* 56 mln-60 mln tonne demand seen 2013; 53 mln tonnes 2012
* Potash Corp unsure of Canpotex-China deal in September
* Not worried about Saskatchewan royalty review
By Rod Nickel
WINNIPEG, Manitoba, Sept 6 (Reuters) - Global demand for the soil nutrient potash, key for growing crops like corn, looks likely to climb to between 56 million and 60 million tonnes in 2013, depending largely on a potential sales rebound to India, the chief financial officer of Potash Corp of Saskatchewan said on Thursday.
Global potash demand in 2012 looks likely to total around 53 million tonnes, CFO Wayne Brownlee said in an online question-and-answer session.
“The question is, how robust is the Indian response going to be in 2013,” he said. “That is going to be the key determinant, but given where grain prices are, food prices are, given the amazing incentive farmers have right now for making a profit in the next 12 months, it looks pretty good.”
India is the second-biggest potash buyer globally, but sales slumped this year after its government lowered subsidies for potash and phosphate, making those fertilizers more expensive for Indian farmers.
Potash Corp’s range for global potash demand is not surprising but is perhaps too high, said analyst Robert Winslow of National Bank Financial.
“I would be more inclined to see the number at the lower end of the range” around 56 million tonnes, he said. “I expect what’s likely to drive that high demand, i.e. grain prices, is likely to subside from the current high levels.”
Shares of Saskatoon, Saskatchewan-based Potash Corp, the world’s biggest fertilizer maker, were up 2.2 percent in New York and 1.5 percent in Toronto around midday.
Grain prices have shot up this year due mainly to severe drought in the U.S. Midwest, offering farmers a chance to maximize profits by boosting plant yields through fertilizer.
Some analysts have predicted farmers may apply smaller amounts of nutrients for next year’s crops, expecting that lacklustre crop yields this year left some potash in the soil.
But Brownlee said U.S. farmers have little nutrient “cushion” after the drought, based on flat potash application rates for the past decade.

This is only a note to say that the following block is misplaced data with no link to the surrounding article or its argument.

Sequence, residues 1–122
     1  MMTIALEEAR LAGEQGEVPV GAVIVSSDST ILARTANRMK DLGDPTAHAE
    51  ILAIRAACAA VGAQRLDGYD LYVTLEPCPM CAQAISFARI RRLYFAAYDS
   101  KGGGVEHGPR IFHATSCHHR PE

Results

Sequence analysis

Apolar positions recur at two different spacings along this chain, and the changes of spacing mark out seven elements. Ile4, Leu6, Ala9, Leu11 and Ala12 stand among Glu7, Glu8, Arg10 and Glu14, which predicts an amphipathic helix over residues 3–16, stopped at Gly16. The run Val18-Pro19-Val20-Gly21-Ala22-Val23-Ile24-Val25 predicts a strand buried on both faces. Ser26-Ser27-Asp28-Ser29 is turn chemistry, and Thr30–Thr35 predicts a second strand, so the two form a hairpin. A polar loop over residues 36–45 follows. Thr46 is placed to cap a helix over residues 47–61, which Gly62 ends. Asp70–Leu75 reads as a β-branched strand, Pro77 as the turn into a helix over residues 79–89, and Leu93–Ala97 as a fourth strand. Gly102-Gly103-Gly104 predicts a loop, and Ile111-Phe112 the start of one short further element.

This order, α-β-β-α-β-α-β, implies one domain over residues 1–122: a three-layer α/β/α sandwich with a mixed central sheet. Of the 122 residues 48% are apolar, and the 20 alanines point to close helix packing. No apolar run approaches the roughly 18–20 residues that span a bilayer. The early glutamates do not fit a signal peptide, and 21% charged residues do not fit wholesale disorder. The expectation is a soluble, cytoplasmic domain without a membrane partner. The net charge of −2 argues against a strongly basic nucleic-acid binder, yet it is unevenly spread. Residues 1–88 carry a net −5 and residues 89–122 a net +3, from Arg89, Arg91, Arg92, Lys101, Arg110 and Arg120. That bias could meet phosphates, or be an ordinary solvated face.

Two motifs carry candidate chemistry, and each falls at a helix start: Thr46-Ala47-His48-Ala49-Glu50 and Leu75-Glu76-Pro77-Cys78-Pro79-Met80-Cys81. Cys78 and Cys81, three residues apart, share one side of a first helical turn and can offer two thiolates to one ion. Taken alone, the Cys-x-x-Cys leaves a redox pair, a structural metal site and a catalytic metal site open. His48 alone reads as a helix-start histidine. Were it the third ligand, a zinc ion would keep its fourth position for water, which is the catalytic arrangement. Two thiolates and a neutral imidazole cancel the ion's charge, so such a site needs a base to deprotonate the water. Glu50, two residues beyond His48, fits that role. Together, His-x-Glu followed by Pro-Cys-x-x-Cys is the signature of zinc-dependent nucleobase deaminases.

“You’ve got the income, the balance sheets for farmers and high crop prices,” he said. “Everything is pointing to a very robust year in the United States.”
Canpotex Ltd, the marketing agency that sells Saskatchewan potash to offshore markets on behalf of Potash Corp, Mosaic Co and Agrium Inc , will hold discussions in the next week or two with Chinese buyers on a supply contract for the second half of 2012, Brownlee said.
But Brownlee said he was not sure if they would agree on a contract in September.
A new contract between Canpotex and Indian buyers is also expected in the second half, but Brownlee said India’s politics make the situation difficult to predict.
Most of Potash Corp’s production comes from the Western Canadian province of Saskatchewan, which is home to an estimated 40 percent of global potash reserves.
The Saskatchewan government depends on potash for hundreds of millions of dollars in royalties annually, and has said it may change its royalty formula to lean more heavily on production levels than it currently does.
“We’re not overly worried about that,” Brownlee said. “There’s not been an indication that there will be a revenue grab coming at us at all, and if anything it would be more of a finessing or fine-tuning ... to still get the investment but also perhaps generate a bit more stability for the government.”
Along with expansions by existing players, Germany’s K+S AG and BHP Billiton Ltd have started work on new mines. Saskatchewan is concerned that too much new production will pressure potash prices, which may reduce its royalty take.
Potash Corp does not expect “meaningful capacity” from new potash mines in the next five years, Brownlee said.